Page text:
In Arizona the sky islands are real, however, sorry to say, they are not islands that float in the air. So why are they so special then? These mystical sky islands are specific types of mountain ranges that are isolated from their surrounding landscape. They differ dramatically from the surrounding terrain due to their extreme changes in elevation over a short distance. These tall islands can reach over 10,000 feet high! So, in that sense, they indeed are very special. Especially in the middle of a harsh ocean of desert environment surrounding them.
How is this natural phenomenon possible? Glad you asked!
As elevation increases, temperature decreases. This means, due to the dew point being closer to the temperature, condensation is created. Condensation creates saturated clouds and saturated clouds create rain. Rain and cooler temperatures invite flora and fauna that are not able to live in the seas of the hot and dry deserts below.
These regions, located in southeastern Arizona, are some of the most biologically diverse areas of North America! As you ascend the slopes the flora changes quickly. From grasslands with cacti, through Arizona cypress, Arizona sycamore, oak woodlands, and juniper and up to the forests of pine and cypress. And wildflowers. Did we mention the wildflowers intermingled with mosses, mushrooms, and lichens?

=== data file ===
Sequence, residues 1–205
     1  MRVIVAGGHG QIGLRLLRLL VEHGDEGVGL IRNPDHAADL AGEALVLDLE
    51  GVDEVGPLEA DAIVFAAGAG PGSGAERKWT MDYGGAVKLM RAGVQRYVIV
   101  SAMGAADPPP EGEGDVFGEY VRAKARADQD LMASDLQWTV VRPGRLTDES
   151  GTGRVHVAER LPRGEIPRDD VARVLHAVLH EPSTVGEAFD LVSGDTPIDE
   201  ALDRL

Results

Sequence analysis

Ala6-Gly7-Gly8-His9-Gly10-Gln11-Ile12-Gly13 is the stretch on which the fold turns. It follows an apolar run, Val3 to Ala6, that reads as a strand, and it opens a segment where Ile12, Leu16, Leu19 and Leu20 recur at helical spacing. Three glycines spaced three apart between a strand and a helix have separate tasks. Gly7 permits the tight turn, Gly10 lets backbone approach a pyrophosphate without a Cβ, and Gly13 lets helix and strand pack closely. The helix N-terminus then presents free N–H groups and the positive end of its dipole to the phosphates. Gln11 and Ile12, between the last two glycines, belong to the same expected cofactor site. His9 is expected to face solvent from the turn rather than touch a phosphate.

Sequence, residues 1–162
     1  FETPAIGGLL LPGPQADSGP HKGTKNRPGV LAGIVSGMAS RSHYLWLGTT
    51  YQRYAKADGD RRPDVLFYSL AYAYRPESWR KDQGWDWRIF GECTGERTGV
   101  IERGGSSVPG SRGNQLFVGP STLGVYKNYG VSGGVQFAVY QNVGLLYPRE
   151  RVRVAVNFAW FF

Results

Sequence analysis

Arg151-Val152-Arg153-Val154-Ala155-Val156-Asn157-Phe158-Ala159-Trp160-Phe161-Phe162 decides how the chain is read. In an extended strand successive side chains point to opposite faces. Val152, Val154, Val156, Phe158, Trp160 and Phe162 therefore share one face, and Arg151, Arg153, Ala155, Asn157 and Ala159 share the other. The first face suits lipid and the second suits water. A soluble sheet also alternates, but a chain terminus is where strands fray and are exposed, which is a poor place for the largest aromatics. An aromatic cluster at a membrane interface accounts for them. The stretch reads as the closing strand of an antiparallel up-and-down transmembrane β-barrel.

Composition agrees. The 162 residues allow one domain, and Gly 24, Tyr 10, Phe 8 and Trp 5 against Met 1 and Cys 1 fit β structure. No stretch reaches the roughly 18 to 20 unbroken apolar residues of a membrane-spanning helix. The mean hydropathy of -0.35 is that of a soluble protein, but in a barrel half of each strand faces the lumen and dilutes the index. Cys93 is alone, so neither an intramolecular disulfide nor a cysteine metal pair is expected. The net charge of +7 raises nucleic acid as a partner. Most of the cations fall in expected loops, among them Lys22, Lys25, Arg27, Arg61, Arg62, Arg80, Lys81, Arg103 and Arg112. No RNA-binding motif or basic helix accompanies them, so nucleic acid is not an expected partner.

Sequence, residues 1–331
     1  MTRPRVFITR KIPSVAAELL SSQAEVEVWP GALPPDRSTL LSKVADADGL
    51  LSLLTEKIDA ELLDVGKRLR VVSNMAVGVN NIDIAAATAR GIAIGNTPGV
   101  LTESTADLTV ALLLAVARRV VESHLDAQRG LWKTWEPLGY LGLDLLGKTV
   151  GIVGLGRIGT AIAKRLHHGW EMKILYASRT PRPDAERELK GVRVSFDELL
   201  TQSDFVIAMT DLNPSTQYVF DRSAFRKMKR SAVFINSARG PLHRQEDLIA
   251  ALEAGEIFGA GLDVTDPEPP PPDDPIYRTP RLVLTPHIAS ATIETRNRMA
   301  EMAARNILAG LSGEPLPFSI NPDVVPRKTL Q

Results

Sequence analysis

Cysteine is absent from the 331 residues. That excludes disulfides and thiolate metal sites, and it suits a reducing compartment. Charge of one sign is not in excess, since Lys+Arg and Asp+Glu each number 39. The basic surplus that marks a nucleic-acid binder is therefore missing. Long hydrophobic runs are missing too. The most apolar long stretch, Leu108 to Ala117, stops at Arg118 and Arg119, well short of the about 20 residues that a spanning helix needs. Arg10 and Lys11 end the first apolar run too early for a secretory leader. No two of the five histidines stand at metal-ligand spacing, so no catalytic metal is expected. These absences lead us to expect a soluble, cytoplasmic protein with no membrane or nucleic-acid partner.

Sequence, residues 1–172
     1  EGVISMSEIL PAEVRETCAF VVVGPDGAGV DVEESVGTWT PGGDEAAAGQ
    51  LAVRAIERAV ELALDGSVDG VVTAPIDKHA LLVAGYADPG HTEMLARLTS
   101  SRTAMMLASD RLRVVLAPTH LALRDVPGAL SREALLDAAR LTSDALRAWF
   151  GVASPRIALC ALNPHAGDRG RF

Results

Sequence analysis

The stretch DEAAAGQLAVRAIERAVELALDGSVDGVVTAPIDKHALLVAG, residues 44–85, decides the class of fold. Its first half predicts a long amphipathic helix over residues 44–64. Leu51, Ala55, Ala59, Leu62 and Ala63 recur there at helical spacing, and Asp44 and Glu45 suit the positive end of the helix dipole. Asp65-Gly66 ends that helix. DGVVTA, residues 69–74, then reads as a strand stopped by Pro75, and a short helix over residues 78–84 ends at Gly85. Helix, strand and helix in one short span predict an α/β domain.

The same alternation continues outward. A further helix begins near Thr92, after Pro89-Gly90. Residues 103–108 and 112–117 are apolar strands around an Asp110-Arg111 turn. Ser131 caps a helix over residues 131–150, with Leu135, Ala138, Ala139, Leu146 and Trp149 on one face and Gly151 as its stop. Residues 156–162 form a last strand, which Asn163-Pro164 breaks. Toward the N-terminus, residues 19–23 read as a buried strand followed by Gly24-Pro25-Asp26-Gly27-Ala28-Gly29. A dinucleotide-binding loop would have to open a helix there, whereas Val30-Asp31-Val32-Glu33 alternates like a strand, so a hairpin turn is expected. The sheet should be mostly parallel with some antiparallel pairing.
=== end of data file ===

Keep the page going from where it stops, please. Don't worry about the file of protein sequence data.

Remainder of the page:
Besides being home to over 150 species of birds, there are black bears, whitetail deer, box turtles, goshawks, coaties, turkey vultures, and tiger salamanders. This is just a small example. According to the National Park Service, there are 71 species of mammals, 46 species of reptiles, 8 amphibians, 171 species of birds, and uncounted numbers of insects that regularly occur at sky islands of the Chiricahua National Monument alone. The sky islands in the Coronado National Forest are home to more threatened and endangered species than any other National Forest in the United States.
The Chiricahua National monument is home to the geological wonders of rhyolite rock pinnacles. What in the world are rhyolite rock pinnacles? Looking like giants standing guard over the landscape, these massive rock pillars with large boulders seemingly precariously balanced on top can rise hundreds of feet into the air. These were created by ash and other debris compacting forming rhyolite rock. Then erosion took place over time and formed the pillars but left the hardened rhyolite rock on top. Pretty amazing, huh?
These sky islands may not float among the clouds but they are truly amazing islands that contain unique and even endangered ecosystems compare to the surrounding environment.
16 August 2021